Nevertheless, the risk is significant that NAFTA will result in toughening in trade conditions for Canada with its largest trade partner.  As such, it does pose a risk for the CAD.  The outcome of negotiations remains highly uncertain.

BOC’s Poloz: Ripping up NAFTA would be negative shock to Canada –


USA PPI inflation picks up

In the US,  PPI core rose by 2.2%y/y in Sep, above 2.0% expected; its highest rate since 2012. This data may be starting to show the impact of a weaker USD this year.  It may also reflect some hurricane impacts, although most of these effects should be in the headline rather than core measures.

It remains to be seen if this helps lift the CPI core inflation reading due tomorrow.


Fed Governor Choice seen as a three-horse race.

The choice of Fed Governor remains a potential market mover.  The WSJ reported that “Business and academic economists surveyed saw a 28% probability that Mr. Trump would choose Mr. Warsh, a 22% probability of Ms. Yellen winning a second term and a 21% probability of Mr. Powell getting the nod.”

WSJ Survey: Kevin Warsh Seen as Trump’s Most Likely Pick to Lead Fed –

This decision could come at any time.

Yellen or Powell would largely represent a continuation of the current approach to monetary policy.  But Powell has not been a strong voice on the direction of monetary policy. As such, he might be seen as more malleable by other members or the Administration.  The market may see a choice of Powell as an attempt by Trump to implement a more dovish Fed.

A choice of Warsh would be seen more clearly as a move towards a less dovish Fed.  Warsh is likely to be more responsive to financial stability concerns, lean more on a rules-based approach, and be less motivated by fine-tuning the economic cycle or targeting inflation.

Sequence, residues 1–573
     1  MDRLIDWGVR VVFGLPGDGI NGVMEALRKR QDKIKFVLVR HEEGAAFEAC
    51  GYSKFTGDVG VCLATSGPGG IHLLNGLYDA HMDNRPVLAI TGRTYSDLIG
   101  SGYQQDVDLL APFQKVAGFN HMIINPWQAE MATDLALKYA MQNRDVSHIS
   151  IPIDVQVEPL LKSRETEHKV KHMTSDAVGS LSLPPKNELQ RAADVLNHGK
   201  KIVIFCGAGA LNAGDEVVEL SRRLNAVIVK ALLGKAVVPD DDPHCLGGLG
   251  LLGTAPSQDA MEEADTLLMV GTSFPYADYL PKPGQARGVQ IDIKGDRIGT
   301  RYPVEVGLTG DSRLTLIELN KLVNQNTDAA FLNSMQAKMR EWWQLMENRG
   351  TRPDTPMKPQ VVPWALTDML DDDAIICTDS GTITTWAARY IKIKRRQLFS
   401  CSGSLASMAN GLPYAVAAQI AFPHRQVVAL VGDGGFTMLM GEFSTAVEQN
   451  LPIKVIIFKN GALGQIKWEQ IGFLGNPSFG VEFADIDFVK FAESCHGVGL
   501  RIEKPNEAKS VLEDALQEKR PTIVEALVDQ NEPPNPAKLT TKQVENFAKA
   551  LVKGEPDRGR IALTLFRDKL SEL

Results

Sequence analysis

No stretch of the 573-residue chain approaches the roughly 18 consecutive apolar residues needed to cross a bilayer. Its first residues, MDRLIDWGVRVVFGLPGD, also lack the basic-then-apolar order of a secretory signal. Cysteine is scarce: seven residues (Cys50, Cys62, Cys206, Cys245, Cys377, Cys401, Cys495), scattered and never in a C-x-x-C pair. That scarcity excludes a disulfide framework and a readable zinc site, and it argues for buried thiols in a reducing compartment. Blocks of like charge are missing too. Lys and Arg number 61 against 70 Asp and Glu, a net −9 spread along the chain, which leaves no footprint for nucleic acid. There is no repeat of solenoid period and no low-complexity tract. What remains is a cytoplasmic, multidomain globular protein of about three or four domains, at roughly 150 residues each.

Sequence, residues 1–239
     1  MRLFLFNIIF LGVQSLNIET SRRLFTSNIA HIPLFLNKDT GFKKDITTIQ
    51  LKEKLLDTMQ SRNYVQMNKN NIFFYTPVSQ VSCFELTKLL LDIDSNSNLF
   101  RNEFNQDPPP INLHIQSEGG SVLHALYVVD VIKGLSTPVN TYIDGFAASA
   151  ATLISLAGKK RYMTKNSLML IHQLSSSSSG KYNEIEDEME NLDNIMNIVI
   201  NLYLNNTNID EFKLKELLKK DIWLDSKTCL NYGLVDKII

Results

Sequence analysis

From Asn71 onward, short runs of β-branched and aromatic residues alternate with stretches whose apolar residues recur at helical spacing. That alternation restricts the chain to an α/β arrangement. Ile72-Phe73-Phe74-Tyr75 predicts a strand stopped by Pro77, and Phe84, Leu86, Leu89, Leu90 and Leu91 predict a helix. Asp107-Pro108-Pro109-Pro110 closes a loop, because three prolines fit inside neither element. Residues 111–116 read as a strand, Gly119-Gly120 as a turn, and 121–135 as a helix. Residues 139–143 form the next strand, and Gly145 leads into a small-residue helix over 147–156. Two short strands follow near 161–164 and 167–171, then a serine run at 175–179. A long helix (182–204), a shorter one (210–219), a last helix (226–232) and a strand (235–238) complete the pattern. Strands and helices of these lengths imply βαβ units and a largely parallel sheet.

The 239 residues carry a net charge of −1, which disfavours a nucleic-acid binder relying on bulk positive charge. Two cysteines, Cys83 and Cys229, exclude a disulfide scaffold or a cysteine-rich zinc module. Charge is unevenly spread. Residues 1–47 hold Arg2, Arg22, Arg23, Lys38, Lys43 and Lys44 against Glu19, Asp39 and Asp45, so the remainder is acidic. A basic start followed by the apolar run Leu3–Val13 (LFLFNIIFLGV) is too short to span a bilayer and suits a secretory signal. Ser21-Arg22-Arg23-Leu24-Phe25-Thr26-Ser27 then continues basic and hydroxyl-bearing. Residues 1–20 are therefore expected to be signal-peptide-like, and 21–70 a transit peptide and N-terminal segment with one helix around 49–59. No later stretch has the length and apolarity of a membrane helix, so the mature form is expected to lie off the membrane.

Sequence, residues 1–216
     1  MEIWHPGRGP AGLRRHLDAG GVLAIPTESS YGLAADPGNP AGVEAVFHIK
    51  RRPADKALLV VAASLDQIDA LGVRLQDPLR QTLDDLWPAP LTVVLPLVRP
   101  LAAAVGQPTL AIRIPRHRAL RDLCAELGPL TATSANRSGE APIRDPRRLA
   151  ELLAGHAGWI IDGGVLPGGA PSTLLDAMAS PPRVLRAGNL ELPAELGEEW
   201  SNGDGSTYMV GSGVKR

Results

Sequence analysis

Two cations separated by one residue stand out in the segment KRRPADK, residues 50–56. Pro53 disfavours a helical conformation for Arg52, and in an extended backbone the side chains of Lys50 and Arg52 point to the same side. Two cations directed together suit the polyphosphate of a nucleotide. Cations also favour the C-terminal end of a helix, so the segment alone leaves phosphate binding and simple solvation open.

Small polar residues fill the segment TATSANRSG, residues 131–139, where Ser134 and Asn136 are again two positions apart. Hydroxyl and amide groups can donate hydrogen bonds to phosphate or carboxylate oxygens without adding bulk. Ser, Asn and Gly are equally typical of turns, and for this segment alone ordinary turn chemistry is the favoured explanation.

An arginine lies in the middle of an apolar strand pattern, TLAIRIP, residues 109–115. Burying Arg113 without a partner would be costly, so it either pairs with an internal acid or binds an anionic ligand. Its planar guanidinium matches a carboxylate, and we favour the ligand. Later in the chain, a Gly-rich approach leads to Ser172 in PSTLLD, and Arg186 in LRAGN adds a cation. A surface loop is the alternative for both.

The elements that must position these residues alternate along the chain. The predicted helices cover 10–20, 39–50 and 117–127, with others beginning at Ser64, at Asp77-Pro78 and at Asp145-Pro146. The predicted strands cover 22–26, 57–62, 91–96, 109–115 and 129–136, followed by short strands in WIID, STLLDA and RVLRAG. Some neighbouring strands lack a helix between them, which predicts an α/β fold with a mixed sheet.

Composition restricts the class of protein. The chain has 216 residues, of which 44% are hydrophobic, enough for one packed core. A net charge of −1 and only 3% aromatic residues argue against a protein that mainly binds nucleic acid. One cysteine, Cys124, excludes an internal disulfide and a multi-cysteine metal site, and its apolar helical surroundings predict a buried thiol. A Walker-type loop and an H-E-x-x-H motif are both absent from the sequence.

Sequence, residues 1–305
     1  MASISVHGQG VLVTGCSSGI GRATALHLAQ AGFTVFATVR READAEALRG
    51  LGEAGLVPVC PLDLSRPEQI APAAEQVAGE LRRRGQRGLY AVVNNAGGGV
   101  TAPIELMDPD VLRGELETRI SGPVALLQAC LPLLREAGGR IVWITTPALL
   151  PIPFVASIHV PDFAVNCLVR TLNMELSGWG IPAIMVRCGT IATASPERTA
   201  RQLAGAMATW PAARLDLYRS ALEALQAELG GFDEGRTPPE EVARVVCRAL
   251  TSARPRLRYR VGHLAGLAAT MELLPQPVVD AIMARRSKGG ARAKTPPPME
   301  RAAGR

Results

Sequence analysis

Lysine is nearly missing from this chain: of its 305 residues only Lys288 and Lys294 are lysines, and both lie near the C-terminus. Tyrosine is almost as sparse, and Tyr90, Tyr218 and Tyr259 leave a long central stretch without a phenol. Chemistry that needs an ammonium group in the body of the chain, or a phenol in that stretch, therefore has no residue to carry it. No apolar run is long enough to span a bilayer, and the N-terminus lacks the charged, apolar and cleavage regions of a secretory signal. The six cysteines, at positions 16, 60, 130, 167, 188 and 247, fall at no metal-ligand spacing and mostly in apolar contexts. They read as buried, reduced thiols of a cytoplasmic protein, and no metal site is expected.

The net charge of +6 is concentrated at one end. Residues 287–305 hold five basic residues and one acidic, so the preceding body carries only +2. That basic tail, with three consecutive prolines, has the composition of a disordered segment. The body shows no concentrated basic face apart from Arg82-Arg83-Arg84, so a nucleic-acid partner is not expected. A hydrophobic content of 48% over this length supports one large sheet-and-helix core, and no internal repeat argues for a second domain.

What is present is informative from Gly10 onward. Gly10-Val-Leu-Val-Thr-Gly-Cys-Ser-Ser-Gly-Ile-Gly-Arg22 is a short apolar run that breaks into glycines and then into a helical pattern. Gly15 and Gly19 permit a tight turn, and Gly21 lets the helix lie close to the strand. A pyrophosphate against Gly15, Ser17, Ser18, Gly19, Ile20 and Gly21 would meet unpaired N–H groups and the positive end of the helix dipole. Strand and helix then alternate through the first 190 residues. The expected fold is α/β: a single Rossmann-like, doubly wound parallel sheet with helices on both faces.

Trump may choose Warsh because many of his advisors and Republicans in Congress would see him as highly qualified. They would prefer a Fed that was more rules-based on monetary policy, and Warsh would also be amenable to lighter regulation on the banking system.  Arguably lighter regulation should go hand in hand with a Fed that is more concerned with containing financial markets exuberance, and Warsh offers this balance. Warsh appears to be the best fit for a Republican President and Congress, and has the presence to carry the burden of leadership at the Fed.


Fed minutes sound dovish on inflation, but point to upside risks to yields

The FOMC minutes showed that members were concerned by the persistently below target and recent lower inflation outcomes dragging down inflation expectations.  Consistent with the FOMC policy statement that has said “the Committee is monitoring inflation developments closely” since June.

But there are reasons to see upside risk for rates in the minutes.  First, the FOMC has included no impact of potential fiscal stimulus from tax reform.  The market should be assigning significant odds to this next year.  Even if there is considerable uncertainty over the timing and content of this reform, some reform is more likely than not to be implemented and is likely to boost growth and inflation expectations.

Secondly, the Fed sees at least a short-term boost to inflation and wages resulting from the hurricane disruption.  In some respects, the rebuilding and replacement phase, which is expected to boost GDP in Q4, might be regarded as a short-term fiscal stimulus. This is likely to further tighten an already tight labor market, particularly for construction workers.  As such, there is a risk that some of the likely bump to wages and prices may become more persistent.  Neither the FOMC nor the market appears to be giving much consideration to the possibility that inflation or wage growth picks up more than expected.

FOMC minutes – low inflation vs. financial stability; 12-Oct –